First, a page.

At first glance, the words adder, apron, newt and nickname don’t seem to have much in common. Etymologically speaking, though, these words are bound together by a curious linguistic process called metanalysis. Metanalysis (also known as “rebracketing”, “wrong division”, etc.) is a relatively common phenomenon in the evolution of language, in which speakers accidentally confuse one morphological structure with another in using a given word, and end up changing the word’s accepted structure over time. In practice, the mistaken loss or addition of a n sound (confusing a with an) is the most common way metanalysis forms everyday words. In a previous Word Stories instalment (The Wanderwort Foreign Legion), for example, we traced the process of the Arabic nāranj losing its initial n before becoming the English word orange. The adjective lone (as in the Lone Ranger) seems to have been created in a similar way in Old English, as people combined "all one" into “alone” and then others mistook the new word "alone" for “a lone.” Technically speaking, such metanalyses are mistakes—like a child counting one airplane and then two nairplanes—but from a historical and descriptive point of view, such transformations are a normal and productive part of any living language. This month’s Word Stories shine a spotlight on some common words created by the process of unintentional creativity called metanalysis.
The word adder comes from a metanalysis of a nadder (or naddre). Fifteenth-century Middle English speakers interpreted the initial n of the word as being part of the determiner an, deducing an adder instead of a nadder. Applied to various types of snakes, and not only Vipera berus (the common European adder), the form with n- came from the Old English nǣdre, itself from the reconstructed Proto-Germanic forms nēdrō or nadrō (“viper, adder, or snake”). A frequent use of the noun in the Old English period was to designate the infamous serpent of the Bible’s book of Genesis, which tempts Eve into tasting the forbidden fruit from the “Tree of Knowledge”. The broader metaphorical sense “something treacherous, malevolent, evil” appears to be present at an early stage of the word’s use, including in Geoffrey Chaucer’s Middle English in The Canterbury Tales: “Lyk to the Neddre in bosom, sly vntrewe” (“Like the sly untrue adder in one’s bosom”). The form nedder is still used for the adder in some northern regional dialects of English, but cognates in Modern Dutch (adder) and Middle Low German (ader) have undergone the same metanalysis as in English.
The word apron represents the metanalysis of the two words a napron. Fifteenth-century Middle English speakers interpreted the initial n of the word napron (“tablecloth, apron”) as being part of the determiner an, deducing the form an apron instead of a napron. An English Collection of Ordinances and Regulations for the Government of the Royal Household from the late fifteenth century can be seen hesitating between the two forms: “Lynnen clothe for aprons”, but elsewhere “Naprons of the grete (great) spycery”. The form napron is from the Old French word naperon (“small tablecloth”—still used in Modern French as napperon), the diminutive form of nape or nappe (“tablecloth”), from the Latin mappa (“tablecloth, napkin, sheet”) of unknown further etymology. Etymological sources document a frequent change from m- to n- (mappa ⇒ nappe) when going from Latin etymons to Old French words, although the motivations for this phonetic alteration are unclear. Factors could include the visual proximity of the characters m and n and the articulatory similarity of the two—both are nasals.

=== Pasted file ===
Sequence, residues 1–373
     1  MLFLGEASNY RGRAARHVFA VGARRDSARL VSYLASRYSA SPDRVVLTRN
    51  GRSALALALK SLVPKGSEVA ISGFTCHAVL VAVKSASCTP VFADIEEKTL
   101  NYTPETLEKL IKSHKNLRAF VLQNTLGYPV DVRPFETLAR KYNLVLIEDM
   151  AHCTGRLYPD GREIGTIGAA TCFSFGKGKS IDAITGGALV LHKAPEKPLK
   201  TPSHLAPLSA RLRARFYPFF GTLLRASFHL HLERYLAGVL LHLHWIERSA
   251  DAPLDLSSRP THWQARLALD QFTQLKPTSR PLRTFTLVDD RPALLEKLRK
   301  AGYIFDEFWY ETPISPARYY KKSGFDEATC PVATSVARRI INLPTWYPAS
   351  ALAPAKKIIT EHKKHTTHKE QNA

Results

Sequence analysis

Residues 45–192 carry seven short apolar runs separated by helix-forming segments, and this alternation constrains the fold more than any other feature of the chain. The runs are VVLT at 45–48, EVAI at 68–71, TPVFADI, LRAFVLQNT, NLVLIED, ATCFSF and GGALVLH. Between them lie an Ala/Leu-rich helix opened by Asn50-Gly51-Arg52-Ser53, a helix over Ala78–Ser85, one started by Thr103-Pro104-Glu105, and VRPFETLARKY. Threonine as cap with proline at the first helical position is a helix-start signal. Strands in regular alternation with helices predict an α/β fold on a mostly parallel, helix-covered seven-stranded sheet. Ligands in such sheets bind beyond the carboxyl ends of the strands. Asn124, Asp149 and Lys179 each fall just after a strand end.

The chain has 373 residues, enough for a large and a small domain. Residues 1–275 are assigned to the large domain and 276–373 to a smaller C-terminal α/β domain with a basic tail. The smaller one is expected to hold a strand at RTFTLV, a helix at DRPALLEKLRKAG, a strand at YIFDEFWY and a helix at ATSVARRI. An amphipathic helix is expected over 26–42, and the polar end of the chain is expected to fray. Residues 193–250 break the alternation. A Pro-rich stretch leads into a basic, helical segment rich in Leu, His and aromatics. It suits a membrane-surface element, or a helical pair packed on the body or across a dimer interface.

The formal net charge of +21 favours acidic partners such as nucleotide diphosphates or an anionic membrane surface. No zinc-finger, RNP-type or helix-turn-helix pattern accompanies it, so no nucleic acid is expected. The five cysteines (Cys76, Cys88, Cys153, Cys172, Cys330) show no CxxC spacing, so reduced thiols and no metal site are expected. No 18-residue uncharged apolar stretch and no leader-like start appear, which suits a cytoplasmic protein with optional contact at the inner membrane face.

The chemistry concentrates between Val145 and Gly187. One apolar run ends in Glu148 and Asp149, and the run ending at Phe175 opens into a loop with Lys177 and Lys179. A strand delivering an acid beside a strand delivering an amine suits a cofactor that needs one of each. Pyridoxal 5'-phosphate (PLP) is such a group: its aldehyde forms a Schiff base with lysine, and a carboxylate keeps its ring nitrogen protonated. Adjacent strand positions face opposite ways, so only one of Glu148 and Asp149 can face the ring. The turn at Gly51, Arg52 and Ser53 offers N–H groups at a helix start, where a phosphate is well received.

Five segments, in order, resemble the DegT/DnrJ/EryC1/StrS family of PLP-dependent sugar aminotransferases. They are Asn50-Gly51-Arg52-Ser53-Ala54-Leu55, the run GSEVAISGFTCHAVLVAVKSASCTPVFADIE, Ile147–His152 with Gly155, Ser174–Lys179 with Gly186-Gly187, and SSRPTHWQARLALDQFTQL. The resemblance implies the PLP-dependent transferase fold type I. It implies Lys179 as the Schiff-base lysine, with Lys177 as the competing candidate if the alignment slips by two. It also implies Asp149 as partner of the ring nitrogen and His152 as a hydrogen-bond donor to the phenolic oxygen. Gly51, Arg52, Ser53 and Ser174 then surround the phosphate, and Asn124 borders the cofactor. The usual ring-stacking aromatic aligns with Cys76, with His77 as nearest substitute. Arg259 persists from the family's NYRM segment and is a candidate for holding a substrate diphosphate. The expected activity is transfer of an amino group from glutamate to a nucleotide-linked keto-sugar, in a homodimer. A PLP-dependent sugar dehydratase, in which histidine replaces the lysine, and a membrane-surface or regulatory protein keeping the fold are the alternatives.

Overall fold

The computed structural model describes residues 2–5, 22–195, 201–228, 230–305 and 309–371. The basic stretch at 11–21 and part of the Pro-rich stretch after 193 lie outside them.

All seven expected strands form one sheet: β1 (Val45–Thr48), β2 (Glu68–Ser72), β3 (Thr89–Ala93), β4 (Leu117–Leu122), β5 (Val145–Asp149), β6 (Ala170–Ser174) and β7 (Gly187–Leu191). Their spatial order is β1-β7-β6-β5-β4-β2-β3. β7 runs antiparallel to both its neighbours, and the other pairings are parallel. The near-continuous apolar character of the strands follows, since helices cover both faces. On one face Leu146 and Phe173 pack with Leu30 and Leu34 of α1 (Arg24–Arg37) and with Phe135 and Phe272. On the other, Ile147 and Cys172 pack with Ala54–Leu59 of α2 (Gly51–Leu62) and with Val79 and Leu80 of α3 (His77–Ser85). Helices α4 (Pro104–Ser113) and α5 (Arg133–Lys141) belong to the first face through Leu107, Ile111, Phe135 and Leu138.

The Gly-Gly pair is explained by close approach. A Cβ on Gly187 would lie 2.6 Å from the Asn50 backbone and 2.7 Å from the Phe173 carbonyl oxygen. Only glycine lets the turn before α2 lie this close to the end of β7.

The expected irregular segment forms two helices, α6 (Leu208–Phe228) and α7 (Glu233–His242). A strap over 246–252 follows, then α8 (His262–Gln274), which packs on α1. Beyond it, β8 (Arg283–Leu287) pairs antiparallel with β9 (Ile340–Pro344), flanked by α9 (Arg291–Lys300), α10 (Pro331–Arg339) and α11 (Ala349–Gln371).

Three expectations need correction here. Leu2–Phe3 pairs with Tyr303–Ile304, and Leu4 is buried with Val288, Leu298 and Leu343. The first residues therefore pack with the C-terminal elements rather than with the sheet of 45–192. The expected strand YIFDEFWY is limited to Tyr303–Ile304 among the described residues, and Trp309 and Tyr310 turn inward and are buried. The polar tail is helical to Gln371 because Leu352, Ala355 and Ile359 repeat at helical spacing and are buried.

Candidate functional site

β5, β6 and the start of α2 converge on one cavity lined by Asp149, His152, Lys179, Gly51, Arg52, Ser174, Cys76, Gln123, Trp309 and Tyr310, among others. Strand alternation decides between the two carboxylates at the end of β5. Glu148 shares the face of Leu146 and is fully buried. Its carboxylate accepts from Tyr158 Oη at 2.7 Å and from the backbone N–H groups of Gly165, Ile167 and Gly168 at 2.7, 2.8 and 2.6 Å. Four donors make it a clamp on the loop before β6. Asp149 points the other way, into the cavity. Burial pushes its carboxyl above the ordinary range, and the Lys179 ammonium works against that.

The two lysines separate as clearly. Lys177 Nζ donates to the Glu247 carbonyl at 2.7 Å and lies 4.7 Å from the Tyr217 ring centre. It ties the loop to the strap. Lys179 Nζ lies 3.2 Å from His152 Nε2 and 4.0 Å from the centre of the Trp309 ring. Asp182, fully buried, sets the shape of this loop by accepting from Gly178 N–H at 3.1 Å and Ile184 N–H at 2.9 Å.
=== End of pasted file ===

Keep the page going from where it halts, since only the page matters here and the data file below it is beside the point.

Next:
Newts are small semiaquatic or fully aquatic amphibians belonging to the family Salamandridae (subfamily Pleurodelinae) with semipermeable and often colourful skin. The name comes from a Middle English metanalysis of an ewt(e) (“a newt”), with ewt(e) being from previous forms euft or evete, modifications of Middle English eft (“newt”). Eft is still used in modern English, and has long been the only term used for the newt in some regional dialects of English. The Century Dictionary (1889–1911) recommends using eft over newt. Today, eft is used in scientific English to refer specifically to the animal in its immature terrestrial stage. We see eft and newt together in late nineteenth century natural history texts, for example in Arabella Burton Buckley’s reference to “Aquatic salamanders, which resemble our newts or efts” (A Short History of Natural Science, 1876). The Middle English eft came from the Old English word efete or efeta, whose ultimate origin is unknown.
Nickname is from the Middle English nekename (“nickname, incorrect or additional name”), a metanalysis of the earlier an ekename (“an additional name”), from eke (“an addition”—a noun form of Middle English eken (“to add”), and name (“name”)). Both elements belong to English’s native lexical stock and have Old English, West Germanic and Proto-Germanic etymons. Cognates of nickname can be found in Danish (øgenavn), Norse (aukanafn) and Low German (Ekelname), although none of those have undergone a similar process of metanalysis. Other spellings have been used, too, as seen in this line from Renaissance humanist and statesman Thomas More: “I shoulde here call Tindall by another name: […] it were no nyck name at all” (The Confutacyon of Tyndales Answere, 1532).
Discover interesting etymological notes in the Antidote Historical Dictionary.